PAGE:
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Effects of Temperature on Human Mortality in Scotland
Reference
Carder, M., McNamee, R., Beverland, I., Elton, R., Cohen, G.R., Boyd, J. and Agius, R.M. 2005. The lagged effect of cold temperature and wind chill on cardiorespiratory mortality in Scotland. Occupational and Environmental Medicine 62: 702-710.

What was done
The authors used generalized linear Poisson regression models to investigate the relationship between outside air temperature and deaths due to all non-accident causes in the three largest cities of Scotland (Glasgow, Edinburgh and Aberdeen) that occurred between January 1981 and December 2001.

What was learned
Carder et al. report that they observed "an overall increase in mortality as temperature decreases," which "appears to be steeper at lower temperatures than at warmer temperatures," while they say "there is little evidence of an increase in mortality at the hot end of the temperature range." They also report that "the observed relation between cold temperature and mortality was typically stronger among the elderly," and they state that one of the important findings of their study was that "cold temperature effects on mortality persist with lag periods of beyond two weeks." Specifically, they found that "for temperatures below 11C, a 1C drop in the daytime mean temperature on any one day was associated with an increase in mortality of 2.9%, 3.4%, 4.8% and 1.7% over the following month for all cause, cardiovascular, respiratory, and 'other' cause mortality, respectively."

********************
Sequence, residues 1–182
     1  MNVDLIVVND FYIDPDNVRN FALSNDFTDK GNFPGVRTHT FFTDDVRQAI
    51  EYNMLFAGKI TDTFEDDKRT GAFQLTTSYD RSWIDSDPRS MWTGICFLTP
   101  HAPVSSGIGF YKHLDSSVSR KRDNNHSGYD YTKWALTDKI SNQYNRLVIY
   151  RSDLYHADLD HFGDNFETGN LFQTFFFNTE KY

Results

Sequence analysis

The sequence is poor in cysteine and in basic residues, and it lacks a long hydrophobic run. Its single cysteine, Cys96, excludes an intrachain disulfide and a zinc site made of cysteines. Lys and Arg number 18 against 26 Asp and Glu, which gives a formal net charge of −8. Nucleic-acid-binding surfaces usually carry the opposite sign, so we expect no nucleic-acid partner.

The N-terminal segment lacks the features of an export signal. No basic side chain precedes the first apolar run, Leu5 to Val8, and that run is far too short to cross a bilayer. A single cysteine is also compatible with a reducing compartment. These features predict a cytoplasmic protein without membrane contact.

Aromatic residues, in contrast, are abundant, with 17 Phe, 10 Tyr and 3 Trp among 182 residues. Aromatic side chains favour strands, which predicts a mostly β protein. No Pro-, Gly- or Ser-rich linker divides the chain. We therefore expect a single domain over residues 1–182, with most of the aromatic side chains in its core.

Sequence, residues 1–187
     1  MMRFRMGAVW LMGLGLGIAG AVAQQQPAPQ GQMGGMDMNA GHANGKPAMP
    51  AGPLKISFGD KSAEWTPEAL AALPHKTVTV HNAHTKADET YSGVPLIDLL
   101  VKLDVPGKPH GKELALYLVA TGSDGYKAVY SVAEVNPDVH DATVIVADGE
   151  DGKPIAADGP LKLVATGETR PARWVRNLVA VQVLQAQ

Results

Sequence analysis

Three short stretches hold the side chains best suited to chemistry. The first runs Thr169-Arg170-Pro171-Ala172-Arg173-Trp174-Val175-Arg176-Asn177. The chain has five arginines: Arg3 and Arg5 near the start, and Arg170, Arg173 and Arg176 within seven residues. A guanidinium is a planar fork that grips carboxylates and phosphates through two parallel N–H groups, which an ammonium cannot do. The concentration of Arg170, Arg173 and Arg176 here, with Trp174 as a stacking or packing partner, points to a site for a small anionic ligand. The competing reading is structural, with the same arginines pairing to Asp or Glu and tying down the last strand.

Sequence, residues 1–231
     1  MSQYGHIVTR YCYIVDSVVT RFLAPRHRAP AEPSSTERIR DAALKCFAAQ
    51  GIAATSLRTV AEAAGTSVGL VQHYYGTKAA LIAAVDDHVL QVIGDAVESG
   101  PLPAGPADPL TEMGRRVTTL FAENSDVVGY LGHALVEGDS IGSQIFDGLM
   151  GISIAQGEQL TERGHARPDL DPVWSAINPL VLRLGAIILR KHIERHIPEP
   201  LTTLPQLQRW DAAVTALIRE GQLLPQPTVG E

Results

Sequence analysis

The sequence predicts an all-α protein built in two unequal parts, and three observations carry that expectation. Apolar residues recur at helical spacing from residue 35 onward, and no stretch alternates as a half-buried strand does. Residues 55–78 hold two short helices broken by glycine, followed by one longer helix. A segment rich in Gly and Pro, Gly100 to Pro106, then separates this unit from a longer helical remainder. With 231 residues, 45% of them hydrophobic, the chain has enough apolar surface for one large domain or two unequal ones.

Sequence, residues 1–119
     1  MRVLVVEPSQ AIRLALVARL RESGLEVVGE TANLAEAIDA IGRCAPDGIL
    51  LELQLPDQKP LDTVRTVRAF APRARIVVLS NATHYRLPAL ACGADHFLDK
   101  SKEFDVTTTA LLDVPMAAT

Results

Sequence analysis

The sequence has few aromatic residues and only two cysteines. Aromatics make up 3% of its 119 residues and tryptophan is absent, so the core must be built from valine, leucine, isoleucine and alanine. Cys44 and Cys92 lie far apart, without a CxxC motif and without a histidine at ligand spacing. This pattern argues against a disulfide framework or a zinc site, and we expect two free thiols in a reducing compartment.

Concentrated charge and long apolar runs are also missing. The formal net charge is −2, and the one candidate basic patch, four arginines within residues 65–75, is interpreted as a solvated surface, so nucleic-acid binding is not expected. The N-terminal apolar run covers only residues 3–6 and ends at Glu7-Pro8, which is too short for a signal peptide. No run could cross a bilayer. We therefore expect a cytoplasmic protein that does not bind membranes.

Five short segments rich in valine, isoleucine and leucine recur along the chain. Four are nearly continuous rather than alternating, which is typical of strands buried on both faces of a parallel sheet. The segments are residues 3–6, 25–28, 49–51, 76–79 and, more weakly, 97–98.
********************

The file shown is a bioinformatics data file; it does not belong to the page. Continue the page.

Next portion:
What it means
At any season of the year, a decline in air temperature in the major cities of Scotland leads to increases in deaths due to all non-accident causes, while there is little to no increase in mortality associated with whatever might qualify as a heat wave. Yet it is heat waves that climate alarmists in Europe and elsewhere continually castigate as being the prime purveyors of untimely weather-related death. In reality, and throughout the entire world, extreme cold temperatures kill far more people than extreme warm temperatures (see Health Effects (Temperature - Hot vs. Cold Weather) in our Subject Index); and in Scotland, even modest cooling kills.

Reviewed 22 February 2006